The green shirt-wearing, fake Irish accent-speaking, bar-crowding, pint-pounding day we all know and love has almost arrived.
March 17th marks the traditional death date of Saint Patrick, patron saint of Ireland, and though it’s not an official public holiday here, the city will host a little parade routed along Fifth Avenue.
Just kidding, NYC has the biggest St. Patrick’s Day celebration in the country!
It’s a fun day, but you’ll need some sustenance to pair with all your green beer, Guinness, and Jameson consumption.
So, throw on your “Kiss me I’m Irish” T-Shirt and shamrock socks, and head out to get some Irish grub.
1. Irish Breakfast
Irish Breakfasts are hearty affairs with staples like eggs, potatoes, veggies, rashers (Irish bacon, similar to Canadian bacon), Irish sausage, black pudding (sausage made from stuff like blood, meat and oatmeal) and white pudding (same as black pudding, but no blood).
St. Dymphna’s Bar & Restaurant (118 St. Marks Place) offers both a Full Irish Breakfast and a Full Irish Veggie Breakfast. (Of course heading to a bar in the East Village on St. Patty’s day may be a dicey move, let alone one named for the patron saint of mental disorders).
2. Shepherd’s Pie
Chances are if you’ve spent much time in pubs, you’ve came across Shepherd’s Pie on a menu at some point. It’s a meat pie usually made with lamb or beef mixed with vegetables like carrots and onions and topped with mashed potatoes.
Molly’s Shebeen (287 Third Avenue), a popular pub in Gramercy, is known for their Shepherd’s Pie, made with ground prime beef. In Ireland, shebeens are unlicensed spots (often of ill-repute) selling alcohol, meaning there are plenty of Irish beers on tap at Molly’s to go with your meal.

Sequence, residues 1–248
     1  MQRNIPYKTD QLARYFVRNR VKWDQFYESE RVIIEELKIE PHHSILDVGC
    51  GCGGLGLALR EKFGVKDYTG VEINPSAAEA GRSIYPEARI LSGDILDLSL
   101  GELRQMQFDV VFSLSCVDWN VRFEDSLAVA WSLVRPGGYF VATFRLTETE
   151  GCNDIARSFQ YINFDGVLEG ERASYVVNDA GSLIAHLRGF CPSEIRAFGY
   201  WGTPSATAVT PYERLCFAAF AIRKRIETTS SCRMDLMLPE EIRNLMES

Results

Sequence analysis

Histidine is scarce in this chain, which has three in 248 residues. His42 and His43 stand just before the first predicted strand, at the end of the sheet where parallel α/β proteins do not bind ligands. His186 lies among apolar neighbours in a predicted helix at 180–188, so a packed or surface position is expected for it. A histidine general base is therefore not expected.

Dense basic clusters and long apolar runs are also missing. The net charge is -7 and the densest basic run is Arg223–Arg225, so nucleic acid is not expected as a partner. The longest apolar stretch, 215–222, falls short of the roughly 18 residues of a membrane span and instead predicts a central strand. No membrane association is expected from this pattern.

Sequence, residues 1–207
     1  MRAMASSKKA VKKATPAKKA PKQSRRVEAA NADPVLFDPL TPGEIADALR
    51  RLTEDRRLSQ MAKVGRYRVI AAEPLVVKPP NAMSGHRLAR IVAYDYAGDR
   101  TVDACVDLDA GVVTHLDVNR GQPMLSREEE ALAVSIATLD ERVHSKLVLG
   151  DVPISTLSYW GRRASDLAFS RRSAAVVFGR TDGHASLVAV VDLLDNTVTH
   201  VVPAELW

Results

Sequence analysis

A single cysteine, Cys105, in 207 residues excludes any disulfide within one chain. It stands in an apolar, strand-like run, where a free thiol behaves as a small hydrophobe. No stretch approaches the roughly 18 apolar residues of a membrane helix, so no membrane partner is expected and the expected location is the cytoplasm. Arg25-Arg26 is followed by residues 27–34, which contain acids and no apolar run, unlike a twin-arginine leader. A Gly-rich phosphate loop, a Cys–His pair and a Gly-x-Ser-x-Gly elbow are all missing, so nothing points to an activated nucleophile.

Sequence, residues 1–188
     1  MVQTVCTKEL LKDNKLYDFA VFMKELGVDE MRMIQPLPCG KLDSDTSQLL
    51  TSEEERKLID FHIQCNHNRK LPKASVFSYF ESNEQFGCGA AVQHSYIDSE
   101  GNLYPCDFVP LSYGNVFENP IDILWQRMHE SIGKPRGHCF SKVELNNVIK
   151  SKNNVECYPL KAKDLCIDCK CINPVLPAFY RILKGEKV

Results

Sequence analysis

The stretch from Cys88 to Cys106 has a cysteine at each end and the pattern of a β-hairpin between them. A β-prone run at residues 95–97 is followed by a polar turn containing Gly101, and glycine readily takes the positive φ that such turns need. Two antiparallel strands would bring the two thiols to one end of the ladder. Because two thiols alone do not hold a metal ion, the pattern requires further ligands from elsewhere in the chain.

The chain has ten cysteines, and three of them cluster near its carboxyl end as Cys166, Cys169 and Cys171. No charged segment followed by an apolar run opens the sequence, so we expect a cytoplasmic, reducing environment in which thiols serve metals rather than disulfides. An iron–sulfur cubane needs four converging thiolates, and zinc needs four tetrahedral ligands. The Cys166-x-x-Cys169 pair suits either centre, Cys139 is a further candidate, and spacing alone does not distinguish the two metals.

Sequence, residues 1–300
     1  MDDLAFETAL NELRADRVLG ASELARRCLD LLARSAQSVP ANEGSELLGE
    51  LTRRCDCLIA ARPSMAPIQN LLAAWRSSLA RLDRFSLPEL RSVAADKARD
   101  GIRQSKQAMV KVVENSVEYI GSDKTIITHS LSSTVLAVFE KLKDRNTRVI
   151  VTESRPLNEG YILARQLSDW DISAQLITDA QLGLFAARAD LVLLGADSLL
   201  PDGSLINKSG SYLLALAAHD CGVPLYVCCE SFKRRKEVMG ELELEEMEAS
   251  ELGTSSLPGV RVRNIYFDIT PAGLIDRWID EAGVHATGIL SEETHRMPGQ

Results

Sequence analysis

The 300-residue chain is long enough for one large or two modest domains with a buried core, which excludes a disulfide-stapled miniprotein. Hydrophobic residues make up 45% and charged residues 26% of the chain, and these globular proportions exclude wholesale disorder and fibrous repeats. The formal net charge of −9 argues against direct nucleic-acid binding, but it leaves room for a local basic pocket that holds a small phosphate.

Depending on where you are, they might be called kartoffelpuffer, latkes or just potato pancakes, but if you’re in Ireland, you better call ‘em boxties
Bailey Pub & Brasserie (52 William Street) in the FiDi is a classy joint serving up modern Irish food and craft beer. You can order boxties as a side here, and their Bailey Benedict comes with poached eggs served over the potato pancakes.
4. Irish Stew
Irish Stew is what you might expect: meat (usually lamb) and root vegetables mixed together and boiled to make a filling dish.
Passage Irish Bar & Kitchen (40-11 30th Avenue – Queens), the Astoria bar making waves with a fresh twist on Irish fare, creative cocktails and over 90 kinds of Irish whiskey, offers an Irish Stew made with Harp infused lamb, baby potatoes, pearl onions, carrots and celery.
5. Corned beef & Cabbage
Corned Beef and Cabbage is more of a St. Patrick’s Day tradition in America than it is on the Emerald Isle. The dish became popular with Irish immigrants here, where beef is more plentiful.
Today if you ask about Irish food in NYC, one name pop ups over and over again: Butcher Block (43-46 Forty-First Street – Queens). The Sunnsyide market is in a historically heavily Irish area, and sells otherwise hard-to-find Irish food products.
Some Irish treats include Cadbury’s Dairy Milk and Boost chocolate bars, Tayto crisps in flavors like Cheese and Onion and Smoky Bacon, and Club Rock Shandy soft drinks (an orange and lemon-flavored beverage. They also have a deli where you can order Corned Beef & Cabbage.
6. Soda Bread
Soda Bread is another popular St. Patty’s Day treat. It’s a quick bread that uses baking soda rather than yeast, and it often has raisins in it.
Amy’s Bread (various locations) makes a whole wheat twist on the classic with caraway seeds and currants.
7. Bangers & Mash
Sausages (bangers), mashed potatoes and gravy make up this yummy dish that have some English influence.
Landmark Tavern (626 Eleventh Avenue), an Irish tavern in Hell’s Kitchen opened in 1868, serves theirs with caramelized onions and peas.
8. Fish & Chips
Picking up a brown paper bag filled with greasy fat French fries and fried cod is just what you do in Ireland after a day filled with drinking and merriment.
The Dead Rabbit Grocery & Grog (30 Water Street), a cool throwback cocktail and food destination in the FiDi named for the Five Points ruffians of Gangs of New York fame serves their Fish & Chips with a side of mushy peas.
The best bar in the world may be a bit too bourgie, though, to throw your chips in a brown bag, for the
stumble journey home.